Who's profiting from the spill?

oil_cleanup_a.gi.top.jpgNear Shell Beach, La., workers load oil booms onto a boat for placement in the Gulf. By Scott Cendrowski, reporter


FORTUNE -- It's six o'clock on a sticky Louisiana morning when Captain Peace Marvel takes the day's first BP-related call. His job: Match out-of-work captains of charter fishing boats with scientists needing a lift to the oil slick. A captain himself, Marvel, 43, is now working 18-hour days at his one-month-old company, PeaceKeeper Logistics, which he set up to win work from BP. "When we realized the scope of the spill, it was the only thing to do," he says. "All I'm handling is one little piece of the pie."

It may be one little piece, but it's an ever-growing pie. The largest oil spill in U.S. history is also one of the most expensive cleanup projects ever -- which means that money is being made as well as lost. BP (BP) has already spent more than $1 billion; that's a rate of $25 million a day. If the process continues for the next six months, the total cost could be at least $7 billion, predicts Morgan Stanley analyst Theepan Jothilingam.

So who is poised to profit? Start with a $1.7 billion-in-sales company called Seacor Holdings (CKH), based in Fort Lauderdale. After the Exxon Valdez spill and the subsequent Oil Pollution Act of 1990, government-mandated readiness plans made oil-spill response a lucrative business. Seacor has seven subsidiaries active in the gulf; its nonprofit rival, the Marine Spill Response Corp. -- funded by a group of Big Oil and shipping companies -- has 7,000 people at work. Seacor's helicopters ferry Coast Guard personnel over the marshes. Its 200-foot ships transport supplies. At subsidiary O'Brien's Response Management, consultants work with BP at command posts. "It's a 24-hour coordination," says Eric Fabrikant, 29, Seacor's vice president. Seacor won't talk about the cleanup's impact on profits, but Tim Parker, an energy analyst at T. Rowe Price, says it could be more than $10 million.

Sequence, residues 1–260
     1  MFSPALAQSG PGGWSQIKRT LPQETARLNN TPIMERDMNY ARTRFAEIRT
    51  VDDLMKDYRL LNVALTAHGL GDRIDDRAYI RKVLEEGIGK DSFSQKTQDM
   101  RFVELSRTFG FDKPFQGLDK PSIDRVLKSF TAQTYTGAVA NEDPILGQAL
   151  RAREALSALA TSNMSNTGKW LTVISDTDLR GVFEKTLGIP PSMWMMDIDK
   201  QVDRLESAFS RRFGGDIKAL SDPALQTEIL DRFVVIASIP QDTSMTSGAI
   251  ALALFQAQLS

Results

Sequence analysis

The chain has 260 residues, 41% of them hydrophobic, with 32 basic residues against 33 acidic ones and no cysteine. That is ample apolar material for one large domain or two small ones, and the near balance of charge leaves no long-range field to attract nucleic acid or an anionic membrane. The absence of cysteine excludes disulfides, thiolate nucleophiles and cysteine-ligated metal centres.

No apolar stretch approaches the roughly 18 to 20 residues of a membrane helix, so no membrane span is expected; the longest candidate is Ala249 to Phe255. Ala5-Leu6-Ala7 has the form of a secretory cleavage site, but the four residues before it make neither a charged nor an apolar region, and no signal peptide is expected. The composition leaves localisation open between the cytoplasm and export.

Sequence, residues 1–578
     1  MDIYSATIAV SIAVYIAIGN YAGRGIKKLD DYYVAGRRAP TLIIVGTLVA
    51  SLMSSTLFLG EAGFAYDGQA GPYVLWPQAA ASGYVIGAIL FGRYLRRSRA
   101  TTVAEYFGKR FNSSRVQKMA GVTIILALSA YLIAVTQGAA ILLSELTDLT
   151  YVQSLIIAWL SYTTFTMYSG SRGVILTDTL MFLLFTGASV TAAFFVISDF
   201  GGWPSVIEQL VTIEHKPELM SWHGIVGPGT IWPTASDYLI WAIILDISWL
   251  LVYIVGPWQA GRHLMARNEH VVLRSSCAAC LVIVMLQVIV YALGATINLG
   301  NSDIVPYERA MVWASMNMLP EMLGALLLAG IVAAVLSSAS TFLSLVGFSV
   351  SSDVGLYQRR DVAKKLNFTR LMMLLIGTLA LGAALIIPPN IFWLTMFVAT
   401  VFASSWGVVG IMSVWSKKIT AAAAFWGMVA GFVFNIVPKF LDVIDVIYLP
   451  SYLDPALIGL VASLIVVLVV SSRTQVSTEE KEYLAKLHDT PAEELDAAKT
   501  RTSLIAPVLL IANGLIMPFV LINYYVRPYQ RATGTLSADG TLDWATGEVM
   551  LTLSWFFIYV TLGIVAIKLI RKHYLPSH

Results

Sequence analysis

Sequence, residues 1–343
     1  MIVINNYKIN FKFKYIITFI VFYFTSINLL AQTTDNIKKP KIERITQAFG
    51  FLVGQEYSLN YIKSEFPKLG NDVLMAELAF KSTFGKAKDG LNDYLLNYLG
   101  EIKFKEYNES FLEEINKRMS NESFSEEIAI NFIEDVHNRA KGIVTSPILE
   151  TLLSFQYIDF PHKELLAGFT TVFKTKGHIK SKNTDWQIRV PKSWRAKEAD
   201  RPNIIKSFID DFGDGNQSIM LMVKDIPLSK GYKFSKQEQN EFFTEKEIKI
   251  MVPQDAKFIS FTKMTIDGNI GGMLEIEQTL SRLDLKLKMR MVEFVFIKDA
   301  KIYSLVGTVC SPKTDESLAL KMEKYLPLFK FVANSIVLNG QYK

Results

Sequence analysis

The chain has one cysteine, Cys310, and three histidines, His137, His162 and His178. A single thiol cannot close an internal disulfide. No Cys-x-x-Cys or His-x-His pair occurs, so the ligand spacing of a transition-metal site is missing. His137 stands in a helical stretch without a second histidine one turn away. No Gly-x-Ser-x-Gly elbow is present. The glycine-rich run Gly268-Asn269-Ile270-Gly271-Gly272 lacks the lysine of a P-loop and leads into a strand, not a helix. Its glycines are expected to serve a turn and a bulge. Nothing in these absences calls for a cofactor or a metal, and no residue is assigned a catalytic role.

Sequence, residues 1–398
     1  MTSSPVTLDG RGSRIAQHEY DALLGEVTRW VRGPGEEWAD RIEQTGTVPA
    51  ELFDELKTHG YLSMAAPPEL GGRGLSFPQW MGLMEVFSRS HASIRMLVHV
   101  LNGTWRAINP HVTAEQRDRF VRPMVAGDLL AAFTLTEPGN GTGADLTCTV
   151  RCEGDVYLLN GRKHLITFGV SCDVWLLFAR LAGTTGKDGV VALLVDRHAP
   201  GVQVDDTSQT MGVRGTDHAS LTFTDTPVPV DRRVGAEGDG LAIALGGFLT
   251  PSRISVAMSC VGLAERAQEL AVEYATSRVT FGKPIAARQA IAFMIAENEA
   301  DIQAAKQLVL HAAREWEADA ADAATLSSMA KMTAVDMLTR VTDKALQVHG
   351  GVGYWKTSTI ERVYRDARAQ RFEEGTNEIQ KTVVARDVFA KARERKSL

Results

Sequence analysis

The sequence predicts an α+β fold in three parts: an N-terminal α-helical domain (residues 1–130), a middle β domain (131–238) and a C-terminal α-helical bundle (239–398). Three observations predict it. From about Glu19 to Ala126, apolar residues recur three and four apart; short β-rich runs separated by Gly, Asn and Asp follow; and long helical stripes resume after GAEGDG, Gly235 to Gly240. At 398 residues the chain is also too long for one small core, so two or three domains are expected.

Nalco (NLC), the Illinois-based water treatment firm, has sold more than $40 million of its oil dispersant Corexit. Clean Harbors (CLH), a Massachusetts disaster-response company, expects second-quarter sales to jump 15% to 20%, or up to $70 million. Procter & Gamble (PG, Fortune 500) shipped 7,000 bottles of Dawn dish soap to clean animals, then promoted its efforts nationally. And on May 25, the SEC halted trading in ACT Clean Technologies to investigate its statements about BP's interest in its technology, which boosted the penny stock 2,000%.

At a Venice, La., marina, Lee McLean is a captain working with BP. He's earning double his usual day rate of $1,200 and grins when he says, "I want to know how long this faucet stays on." Looks like a very long time.  To top of page

Frontline troops push for solar energy
The U.S. Marines are testing renewable energy technologies like solar to reduce costs and casualties associated with fossil fuels. Play
25 Best Places to find rich singles
Looking for Mr. or Ms. Moneybags? Hunt down the perfect mate in these wealthy cities, which are brimming with unattached professionals. More
Fun festivals: Twins to mustard to pirates!
You'll see double in Twinsburg, Ohio, and Ketchup lovers should beware in Middleton, WI. Here's some of the best and strangest town festivals. Play
Company Price Change % Change
Facebook Inc 68.98 -0.42 -0.60%
Bank of America Corp... 15.52 0.01 0.03%
Regions Financial Co... 10.17 -0.02 -0.20%
Apple Inc 94.30 0.36 0.38%
Intel Corp 34.60 0.54 1.58%
Data as of 9:55am ET
Index Last Change % Change
Dow 17,127.70 75.97 0.45%
Nasdaq 4,461.29 36.59 0.83%
S&P 500 1,984.38 10.75 0.54%
Treasuries 2.48 0.01 0.24%
Data as of 10:10am ET

Sections

Jamison Door Company has been trying to expand for two years, but they say the nation's outdated, complicated immigration rules keep getting in their way. More

Workers rejoice: Economists say their companies are granting more pay raises this year. More

Jamison Door Company has been trying to expand for two years, but they say the nation's outdated, complicated immigration rules keep getting in their way. More

Millennials are three times more likely to choose cash over stocks as a long-term investment. More

Market indexes are shown in real time, except for the DJIA, which is delayed by two minutes. All times are ET. Disclaimer Morningstar: © 2014 Morningstar, Inc. All Rights Reserved. Disclaimer The Dow Jones IndexesSM are proprietary to and distributed by Dow Jones & Company, Inc. and have been licensed for use. All content of the Dow Jones IndexesSM © 2014 is proprietary to Dow Jones & Company, Inc. Chicago Mercantile Association. The market data is the property of Chicago Mercantile Exchange Inc. and its licensors. All rights reserved. FactSet Research Systems Inc. 2014. All rights reserved. Most stock quote data provided by BATS.